The Blinding Lie

“You’ve proven yourself time and again to be dedicated to this cause, Seth,” Henry says while patting Seth on the back with pride in his amber eyes.

For years, Seth has called this man father, this man who raised him and who claimed to love him. Yet all the while, this very man had killed his true father all while lying that Seth and he shared blood.

Henry still thinks that Seth doesn’t know the truth but he had heard every detail of Henry’s drunk recounting to the barmaid he was trying to woo many nights ago. At first, Seth didn’t think much of it as it was quite normal to overhear Henry brag about the gory details of his kills with joyous glee. That night, Henry had detailed how he shoved the blade into this particular enemy’s back then pulled it off to slice his neck. Usually, Henry goes on to the next story but he stayed on this one as he told the barmaid that as he left the tent he heard a baby cry. This baby that he found crying was a boy. A boy that he claimed and raised as his own. It was obvious to Seth that this story was about him. He was Henry’s only child and all his life he had to deal with side remarks about how he looked nothing like his general father. Henry had brushed off the accusations with claims that Seth resembled his mother but it was all a lie.

Henry had raised Seth to kill without thought but in that moment Seth was full of so many thoughts. Seth’s first thought was to kill Henry in the exact way that his biological father was murdered years ago but that wouldn’t be enough to sate the anger ruptured from Henry’s lies. Seth’s second thought was full of rage at having been lied to for he had sliced, tortured, and killed in Henry’s name to make him proud and make himself worthy of the title that he bared to compensate for not looking enough like him but it was all a lie.

How many times has he pushed himself to do things he didn’t want to earn his father’s pride? How many times has he done these things to prove that his father’s blood did run in his veins? Yet, the blood in his veins, it is the very blood that spills in the name of expanding the empire. The blood he was taught was lesser and worthless. He had killed these people who had blood deemed lesser by the king. He had laughed at their pleas as his father tore them from their homes. He had started the fires that blazed their homes while his father smiled with pride.

His biological father was one of them.

He was one of them.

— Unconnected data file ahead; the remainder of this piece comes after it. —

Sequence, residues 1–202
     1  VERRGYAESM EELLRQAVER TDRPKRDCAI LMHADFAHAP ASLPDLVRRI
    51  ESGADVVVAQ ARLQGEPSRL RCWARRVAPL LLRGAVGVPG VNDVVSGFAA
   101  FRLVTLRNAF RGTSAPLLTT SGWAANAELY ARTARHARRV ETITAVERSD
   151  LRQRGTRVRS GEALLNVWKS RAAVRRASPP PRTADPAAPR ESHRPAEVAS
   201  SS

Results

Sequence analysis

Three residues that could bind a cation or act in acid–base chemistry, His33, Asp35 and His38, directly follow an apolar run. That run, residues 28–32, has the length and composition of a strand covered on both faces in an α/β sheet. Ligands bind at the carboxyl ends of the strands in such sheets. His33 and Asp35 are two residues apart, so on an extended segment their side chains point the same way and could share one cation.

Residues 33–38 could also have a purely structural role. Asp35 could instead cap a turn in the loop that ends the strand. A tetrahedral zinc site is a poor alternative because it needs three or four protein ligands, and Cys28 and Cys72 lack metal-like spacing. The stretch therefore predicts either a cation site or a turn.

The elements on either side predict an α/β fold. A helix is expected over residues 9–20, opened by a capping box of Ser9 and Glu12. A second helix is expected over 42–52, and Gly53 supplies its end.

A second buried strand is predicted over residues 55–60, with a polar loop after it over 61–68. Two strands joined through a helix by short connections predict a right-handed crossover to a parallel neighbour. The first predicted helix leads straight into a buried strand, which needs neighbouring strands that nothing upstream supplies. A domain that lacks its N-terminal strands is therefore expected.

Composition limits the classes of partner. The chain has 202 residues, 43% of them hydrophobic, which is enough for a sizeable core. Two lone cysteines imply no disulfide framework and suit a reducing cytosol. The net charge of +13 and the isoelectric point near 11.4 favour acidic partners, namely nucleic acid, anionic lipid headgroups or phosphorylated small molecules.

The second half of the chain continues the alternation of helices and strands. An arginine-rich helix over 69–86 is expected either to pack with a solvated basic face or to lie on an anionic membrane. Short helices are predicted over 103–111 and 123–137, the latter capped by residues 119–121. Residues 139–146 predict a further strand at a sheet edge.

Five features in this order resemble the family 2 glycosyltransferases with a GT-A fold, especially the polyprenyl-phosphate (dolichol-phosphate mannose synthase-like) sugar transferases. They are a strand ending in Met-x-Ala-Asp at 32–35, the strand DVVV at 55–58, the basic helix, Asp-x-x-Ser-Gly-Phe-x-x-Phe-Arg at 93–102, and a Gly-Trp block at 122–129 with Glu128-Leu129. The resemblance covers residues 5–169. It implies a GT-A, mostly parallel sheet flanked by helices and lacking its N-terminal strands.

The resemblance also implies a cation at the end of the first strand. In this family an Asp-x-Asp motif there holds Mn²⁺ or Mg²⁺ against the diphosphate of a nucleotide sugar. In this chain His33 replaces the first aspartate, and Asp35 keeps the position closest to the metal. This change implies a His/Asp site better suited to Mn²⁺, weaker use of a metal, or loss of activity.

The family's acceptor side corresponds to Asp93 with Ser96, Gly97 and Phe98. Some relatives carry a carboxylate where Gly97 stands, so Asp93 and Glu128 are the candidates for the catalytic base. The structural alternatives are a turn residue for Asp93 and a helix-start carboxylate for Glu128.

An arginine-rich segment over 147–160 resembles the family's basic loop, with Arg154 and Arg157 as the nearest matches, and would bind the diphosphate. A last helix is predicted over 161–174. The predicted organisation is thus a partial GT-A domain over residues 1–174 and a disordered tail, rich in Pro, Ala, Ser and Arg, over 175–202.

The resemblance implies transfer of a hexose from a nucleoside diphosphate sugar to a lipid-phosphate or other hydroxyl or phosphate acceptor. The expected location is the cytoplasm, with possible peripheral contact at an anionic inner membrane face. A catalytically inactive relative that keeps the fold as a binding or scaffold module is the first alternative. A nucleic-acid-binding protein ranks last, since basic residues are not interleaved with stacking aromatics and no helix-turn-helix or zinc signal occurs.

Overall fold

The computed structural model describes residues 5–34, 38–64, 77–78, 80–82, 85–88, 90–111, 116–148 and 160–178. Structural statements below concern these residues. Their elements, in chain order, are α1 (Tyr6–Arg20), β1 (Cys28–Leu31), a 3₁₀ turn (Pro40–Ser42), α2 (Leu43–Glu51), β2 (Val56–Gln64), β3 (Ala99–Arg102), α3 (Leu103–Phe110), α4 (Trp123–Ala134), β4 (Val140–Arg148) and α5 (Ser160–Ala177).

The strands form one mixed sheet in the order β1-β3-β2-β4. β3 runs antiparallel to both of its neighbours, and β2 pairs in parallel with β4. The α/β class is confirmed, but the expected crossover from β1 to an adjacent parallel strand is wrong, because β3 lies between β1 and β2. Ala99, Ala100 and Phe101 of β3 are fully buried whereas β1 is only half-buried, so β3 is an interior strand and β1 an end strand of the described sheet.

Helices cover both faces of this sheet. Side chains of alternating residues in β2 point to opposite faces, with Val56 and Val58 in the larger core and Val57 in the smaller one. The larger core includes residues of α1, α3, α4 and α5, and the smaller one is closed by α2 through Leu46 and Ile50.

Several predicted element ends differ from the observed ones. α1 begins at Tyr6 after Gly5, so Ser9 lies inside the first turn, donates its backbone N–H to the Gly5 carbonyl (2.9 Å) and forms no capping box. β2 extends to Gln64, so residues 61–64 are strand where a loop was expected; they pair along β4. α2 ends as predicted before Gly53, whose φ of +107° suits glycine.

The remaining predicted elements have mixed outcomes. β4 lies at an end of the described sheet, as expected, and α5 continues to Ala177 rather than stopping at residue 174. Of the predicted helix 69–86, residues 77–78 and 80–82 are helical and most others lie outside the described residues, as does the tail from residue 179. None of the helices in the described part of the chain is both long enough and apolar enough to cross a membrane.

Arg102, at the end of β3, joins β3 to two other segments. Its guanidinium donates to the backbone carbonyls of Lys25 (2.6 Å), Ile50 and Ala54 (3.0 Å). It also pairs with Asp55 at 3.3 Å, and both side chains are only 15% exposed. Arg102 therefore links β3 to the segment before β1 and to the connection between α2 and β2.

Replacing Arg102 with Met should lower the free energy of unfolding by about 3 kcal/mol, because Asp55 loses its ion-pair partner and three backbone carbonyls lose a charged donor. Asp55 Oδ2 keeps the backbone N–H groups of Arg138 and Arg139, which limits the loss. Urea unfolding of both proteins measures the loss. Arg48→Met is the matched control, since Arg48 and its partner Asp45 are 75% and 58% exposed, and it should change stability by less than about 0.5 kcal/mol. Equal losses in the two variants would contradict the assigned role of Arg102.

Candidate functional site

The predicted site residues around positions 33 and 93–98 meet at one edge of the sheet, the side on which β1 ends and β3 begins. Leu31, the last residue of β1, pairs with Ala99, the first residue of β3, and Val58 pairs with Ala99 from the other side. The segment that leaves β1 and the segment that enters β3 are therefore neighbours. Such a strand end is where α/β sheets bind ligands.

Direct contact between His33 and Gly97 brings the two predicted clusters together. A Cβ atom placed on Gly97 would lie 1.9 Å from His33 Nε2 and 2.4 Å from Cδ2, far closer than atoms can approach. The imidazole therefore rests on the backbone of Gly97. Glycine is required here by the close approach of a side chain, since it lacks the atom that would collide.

From that night, he died, becoming a walking corpse without a grave. A betrayer of the land who protected his people for generations.

He keeps on his facade, the mask of a son who hungers for his father’s approval. He lets a sadistic smile go on his face but internally his hatred for the man he called father and the kingdom he serves brews.

“A worthy cause it is father, to expand our lands in the name of our king.”

He clenches his fist, his eyes moving away from his father’s face.

“Very worthy, indeed. Tomorrow, you will be my side in the coming battle, are you prepared, my boy?”

“Yes, I have the plans all memorized,” Seth unclenches his fist, pointing to his head.

“Good, go get some rest, we have some heads to slice tomorrow.”

Seth listens to the sound of his father’s footsteps walking away but he doesn’t move. Instead, he waits for the sound of footsteps to cease then once it does he moves in the opposite direction. Once he enters the small village, he lifts up his hood and it takes him some time to get to his destination. He knocks on the door of a small green house where he overhears the mayor lives. The person that opens the door is a boy around his age, who looks at him with suspicion.

“Is the mayor here?” Seth makes his voice sound more gruff then it is, hoping it’ll make him sound older.

“Who are you?” The boy asks, closing the door he’s holding a bit.

“I need to speak to the mayor.”

“For what reason?”

“It’s imperative that I speak to the mayor.”

“Who are you?” The boy asks again but with an edge to his voice.

“Your salvation, if you let me speak to the mayor.”

The boy studies him but doesn’t seem to be relenting his suspicion.

“At dawn, you’ll all be slaughtered in the name of King Edgar for refusing to join his kingdom.”


The boy’s jaw goes slack and he opens the door, letting him in. He walks in and sees a modest home for a man tasked to rule a whole village. The boy moves past him and gestures for him to follow him. Eventually, they reach a door with a wooden sign that says mayor. The boy opens the door, calling the mayor father as he tells him what he’s overheard.

The mayor doesn’t say anything just sighs and asks. “Where’s the proof of this endeavor?”

Seth reaches into his pocket, taking out a letter addressed to King Edgar. In this letter, there are detailed plans of the upcoming attack. Seth had acquired the letter after carefully copying the one his father had asked him to deliver to a messenger. Seth walks over to the Mayor and places the letter on the Mayor’s desk. For a bit, the Mayor looks over it, adjusting his thick glasses as he reads.

The Mayor’s expression becomes pensive and he calls his son over to read it for him. The boy reads it, raising his brow as he studies the letter.

“There’s no official seal from the general…”

The boy’s voice is full of doubt and he eyes Seth with suspicion.

“I copied it. I couldn’t dare risk taking the actual letter.”

“How can we believe you then?”

“You can’t. The only thing I can offer you is my word and that copy of the letter the general sent to King Edgar.”

“Your word is meaningless.”

“No, it isn’t. My word is everything,” Seth says, lowering his hood and revealing who he is.

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